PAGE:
Tuesday, June 21, 2011

Happy 143rd Birthday, St. George Wells (1868-1945)!

Gawain Wells' grandfather


Saint George was born in St. George, married in St. George, and died and buried in St. George.
He was the sixth of eight children born to British pioneers, with several half-siblings from his father’s first wife.  Saint George was small of stature and had curly blond hair.  When he was a teenager working in the Silver Reef Mines about eighteen miles away from St. George and living away from home, his father Stephen wrote a letter of counsel, “When I think of the many duties of life that there is to do, I find that the boy or girl who begins the soonest makes the best man or woman.  Therefore mix up with play and work some reading, spelling, writing, and then some music which will make your company always agreeable go where you may. You must labour with your hands and heads, sometimes with one at the time and sometimes with both at the same time."

St. George and brother Sam with blind mother Annie
Saint George married Eliza Everett and they had eight children.  He farmed, and also had a blacksmith shop on his property.  He owned three lots, with a beautiful orchard of apples, peaches, apricots, pears, grapes, and pomegranates.  He raised cows, pigs, and chickens, and later had a dairy farm with milking barn, electric milkers, and a regular clientele.  He also owned land in the Santa Clara Valley where he raised hay and had apple and peach orchards.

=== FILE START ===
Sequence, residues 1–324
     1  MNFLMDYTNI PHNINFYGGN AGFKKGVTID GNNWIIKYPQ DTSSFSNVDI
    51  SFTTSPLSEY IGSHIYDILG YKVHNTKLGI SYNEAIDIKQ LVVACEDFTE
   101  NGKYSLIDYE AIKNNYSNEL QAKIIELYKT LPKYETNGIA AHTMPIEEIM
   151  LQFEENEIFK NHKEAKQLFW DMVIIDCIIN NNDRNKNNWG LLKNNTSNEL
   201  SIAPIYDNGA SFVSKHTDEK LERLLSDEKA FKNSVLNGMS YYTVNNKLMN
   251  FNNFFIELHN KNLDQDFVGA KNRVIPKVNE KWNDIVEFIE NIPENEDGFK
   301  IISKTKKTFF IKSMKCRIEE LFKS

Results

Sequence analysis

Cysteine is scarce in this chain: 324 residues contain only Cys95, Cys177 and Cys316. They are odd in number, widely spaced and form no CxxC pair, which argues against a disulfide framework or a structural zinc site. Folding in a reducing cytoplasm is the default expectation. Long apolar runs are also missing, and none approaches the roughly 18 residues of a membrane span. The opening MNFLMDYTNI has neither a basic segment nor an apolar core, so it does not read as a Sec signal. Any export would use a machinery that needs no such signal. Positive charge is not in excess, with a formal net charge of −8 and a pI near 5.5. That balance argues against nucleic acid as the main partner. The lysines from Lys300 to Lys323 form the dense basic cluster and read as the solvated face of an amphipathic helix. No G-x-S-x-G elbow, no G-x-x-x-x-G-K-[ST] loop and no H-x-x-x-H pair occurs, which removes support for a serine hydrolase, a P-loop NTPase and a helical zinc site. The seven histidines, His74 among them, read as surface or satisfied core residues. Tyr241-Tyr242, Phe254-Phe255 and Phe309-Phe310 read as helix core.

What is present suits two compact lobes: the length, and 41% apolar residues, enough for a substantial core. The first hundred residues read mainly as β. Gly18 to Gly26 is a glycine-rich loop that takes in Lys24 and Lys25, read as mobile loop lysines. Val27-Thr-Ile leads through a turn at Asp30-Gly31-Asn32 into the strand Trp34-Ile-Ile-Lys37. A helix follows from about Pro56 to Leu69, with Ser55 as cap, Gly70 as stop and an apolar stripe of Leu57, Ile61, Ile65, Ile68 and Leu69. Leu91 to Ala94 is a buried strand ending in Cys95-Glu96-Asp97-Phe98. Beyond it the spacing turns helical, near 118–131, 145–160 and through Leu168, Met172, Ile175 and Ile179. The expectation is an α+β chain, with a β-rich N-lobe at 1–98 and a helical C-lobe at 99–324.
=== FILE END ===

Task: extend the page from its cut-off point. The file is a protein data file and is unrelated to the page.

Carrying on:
After his father died in his arms following a buggy accident, Saint George and his family were needed to care for his aged blind mother.  They moved into the two-story adobe home that Stephen had built.  An earthquake struck about 1890, and two-year-old son Stephen Robert Junior would not come back inside because he insisted, “the house was running around.”  The home had a coal stove, running water, and electricity, but no indoor bathroom.  The children were taught at a young age to milk the cows. 

Elder Wells
Saint George was called to serve a mission in the Western States in 1906.  He left Eliza home with four children under the age of six.  Saint George sold a team of his horses to raise money for the mission, and left six-year-old Stephen in charge of the milking.  Perhaps due to that time as a single parent, Eliza was a dominant force in the family even after her children had families of their own.  
page from his mission journal

On his way to his mission assignment, Saint George visited his brother in Nevada, and then went to the Manti Temple, and then to the Salt Lake Temple.  He was set apart by J. Golden Kimball and shown the sights by his two Salt Lake sisters.  Saint George traveled by train to Denver, and then served in Colorado and Nebraska.  He traveled without purse or script, and kept track of every penny spent and donated.  He had success in giving out tracts and scriptures, teaching lessons, and convert baptisms.

Saint George was honorably released in 1908 due to ill health, returned home, and reported on his mission in stake conference.  The local paper frequently reported that he was doing his home teaching.  He was a careful, faithful man.

Wells family

I would give him a St. George t-shirt!

2 comments:

  1. I'd give him a copy of Saint George and the Dragon.

    ReplyDelete
  2. So fun to read this Anita--I'm slow to catch up, but enjoying it!

    ReplyDelete